After the swim, Sarah was with the Daniela group, and she continued to ride with Daniela even as the group was dwindling in size. Even a crash after 35 miles wasn’t able to stop her. (She took a short tumble when she was hit by a gust of wind during a bottle grab.) She was only dropping back from Daniela when Dani stepped on the gas at mile 90, after riding with her for a bit she scaled her efforts back a little bit. Heather had a slower swim, but a sub-58 was still an IM swim PR for her, and she was only five minutes back to Daniela (in her first Kona in 2015 it was more than eight minutes). She was also riding strong, and by mile 90 had almost closed the gap to Daniela and her group. By T2 she had ridden up to Sarah and both started the run within seconds of each other – in the following FLOWS picture of Heather at the start of the run you can see Sarah in the background:

FLOWS Heather Run Start

For the first part of the run Sarah said she was still trying to listen to her body if there were any adverse effects of the crash, but she was okay and took the chance to follow Heather while making sure she was well hydrated and fueled. When they entered the Energy Lab, Sarah ran up to Heather and for a while they ran side by side. Heather said after the race that this was her first Ironman that she was racing person-to-person, almost like an Olympic Distance or 70.3 race. Sarah had prepared for the last ten k of the run and started to slightly move ahead of Heather at the top of the Energy Lab, but the gap was never larger than 30 or 40 seconds. Even in the last k Sarah had to push the pace to stay ahead of Heather and was jubilant crossing the finish line in third place.

FLOWS Sarah Finish

Fifth Place: Kaisa Sali

As last year, fifth place went to Kaisa Lehtonen:

2017Kaisa

After the swim Kaisa was in a better position than last year: The gap to Daniela was under five minutes (compared to more than six last year,), but she was also in a better position in the field, just outside of the Top 10. She was also riding really well, hardly losing any more time to Daniela while moving ahead in the field:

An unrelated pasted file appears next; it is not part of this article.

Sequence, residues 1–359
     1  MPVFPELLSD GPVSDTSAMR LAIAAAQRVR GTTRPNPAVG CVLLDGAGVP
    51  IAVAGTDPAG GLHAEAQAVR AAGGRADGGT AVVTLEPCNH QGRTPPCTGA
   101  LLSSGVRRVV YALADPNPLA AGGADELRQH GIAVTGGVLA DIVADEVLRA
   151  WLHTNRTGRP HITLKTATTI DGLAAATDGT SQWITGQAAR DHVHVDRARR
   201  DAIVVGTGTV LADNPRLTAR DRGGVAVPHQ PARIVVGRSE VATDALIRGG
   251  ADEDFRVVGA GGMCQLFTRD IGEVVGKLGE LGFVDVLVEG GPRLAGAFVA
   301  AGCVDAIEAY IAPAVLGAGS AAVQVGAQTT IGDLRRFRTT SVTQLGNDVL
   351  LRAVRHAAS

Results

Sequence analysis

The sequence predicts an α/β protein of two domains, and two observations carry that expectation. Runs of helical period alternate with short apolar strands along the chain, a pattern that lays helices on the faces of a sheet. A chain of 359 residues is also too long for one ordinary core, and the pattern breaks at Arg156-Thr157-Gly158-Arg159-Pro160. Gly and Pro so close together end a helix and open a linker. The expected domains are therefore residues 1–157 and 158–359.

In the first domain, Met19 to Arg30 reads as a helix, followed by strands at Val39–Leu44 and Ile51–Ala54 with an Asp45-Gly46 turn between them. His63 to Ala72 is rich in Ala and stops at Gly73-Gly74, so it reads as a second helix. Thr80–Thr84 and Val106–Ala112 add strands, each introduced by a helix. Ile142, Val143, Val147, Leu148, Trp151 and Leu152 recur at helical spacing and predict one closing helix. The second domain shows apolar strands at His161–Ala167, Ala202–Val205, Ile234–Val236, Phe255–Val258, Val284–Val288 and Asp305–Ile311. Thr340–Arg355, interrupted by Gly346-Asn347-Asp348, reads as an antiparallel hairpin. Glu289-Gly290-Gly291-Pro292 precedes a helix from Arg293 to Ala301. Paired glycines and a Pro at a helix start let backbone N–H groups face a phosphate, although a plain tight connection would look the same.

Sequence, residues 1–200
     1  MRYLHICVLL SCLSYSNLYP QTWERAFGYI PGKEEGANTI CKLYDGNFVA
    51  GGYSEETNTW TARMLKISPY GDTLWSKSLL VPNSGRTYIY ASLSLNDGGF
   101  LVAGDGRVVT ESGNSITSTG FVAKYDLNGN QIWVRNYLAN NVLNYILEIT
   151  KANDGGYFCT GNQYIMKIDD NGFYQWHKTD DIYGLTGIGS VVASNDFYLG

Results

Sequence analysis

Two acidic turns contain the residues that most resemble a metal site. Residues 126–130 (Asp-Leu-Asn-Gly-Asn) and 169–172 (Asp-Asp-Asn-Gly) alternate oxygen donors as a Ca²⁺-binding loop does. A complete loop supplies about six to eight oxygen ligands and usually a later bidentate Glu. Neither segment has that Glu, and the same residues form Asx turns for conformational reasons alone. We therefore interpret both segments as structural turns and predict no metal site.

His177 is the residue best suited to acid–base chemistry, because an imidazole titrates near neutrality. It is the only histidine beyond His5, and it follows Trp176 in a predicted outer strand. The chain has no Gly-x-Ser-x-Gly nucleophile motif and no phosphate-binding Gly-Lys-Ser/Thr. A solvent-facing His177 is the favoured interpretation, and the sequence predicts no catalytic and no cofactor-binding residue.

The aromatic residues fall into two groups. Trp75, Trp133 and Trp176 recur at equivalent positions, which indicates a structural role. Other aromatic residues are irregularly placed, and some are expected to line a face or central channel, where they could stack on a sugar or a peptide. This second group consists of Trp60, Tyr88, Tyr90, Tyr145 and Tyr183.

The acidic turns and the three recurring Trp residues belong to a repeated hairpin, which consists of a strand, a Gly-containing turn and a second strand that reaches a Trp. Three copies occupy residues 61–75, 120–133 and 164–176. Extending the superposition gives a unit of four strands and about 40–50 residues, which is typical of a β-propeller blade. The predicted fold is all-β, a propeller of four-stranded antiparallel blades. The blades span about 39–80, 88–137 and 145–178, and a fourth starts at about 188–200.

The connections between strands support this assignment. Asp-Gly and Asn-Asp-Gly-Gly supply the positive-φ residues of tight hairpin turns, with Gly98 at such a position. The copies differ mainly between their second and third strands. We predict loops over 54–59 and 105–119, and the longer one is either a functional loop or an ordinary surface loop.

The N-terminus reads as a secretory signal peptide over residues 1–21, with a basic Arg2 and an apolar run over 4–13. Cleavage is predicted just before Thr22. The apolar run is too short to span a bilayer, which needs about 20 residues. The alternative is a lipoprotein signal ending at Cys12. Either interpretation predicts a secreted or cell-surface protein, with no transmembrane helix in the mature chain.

FLOWS Kaisa Bike BW

At the start of the run Kaisa was part of a group of four females, about in eighth place, compared to 12th last year. She had a strong start of the run, posting the fastest first half-marathon in the female field, clearly moving onto fifth place shortly after Palani and steadily closing the gap to those in front of her – by mile 20 she was within two minutes of a podium finish. But at that point Sarah and Heather started their fight for a podium finish and held the distance to Kaisa. Kaisa had built a solid gap to sixth place (almost ten minutes at the end of the Energy Lab) and she was probably worked extra hard for a podium finish, but in the end remained in fifth place.

Sixth to Eleventh Place: Susie Cheetham, Carrie Lester, Liz Lyles, Annabel Luxford, Jocelyn McCauley and Mareen Hufe

As usual, the final positions in the Top 10 were close contested (only 3.5 minutes between seventh and eleventh!), with lots of position changes even in the last 15 minutes of racing:

Top6 11

Annabel Luxford (green line) was riding with Daniela and Sarah for most of the bike:

FLOWS Bella Bike

She only started to drop back from the front pack when Daniela put in her effort towards the end of the bike. She was caught by Heather Jackson before T2 but gained one position early in the run when Lauren didn’t have a good run. Bella was running in fifth place, losing time to the front of the race but also to the faster runners behind her. But she fought hard and was still running in sixth at the turnaround in the Energy Lab. In the end she finished ninth, barely holding off tenth place finisher Jocelyn McCauley by ten seconds.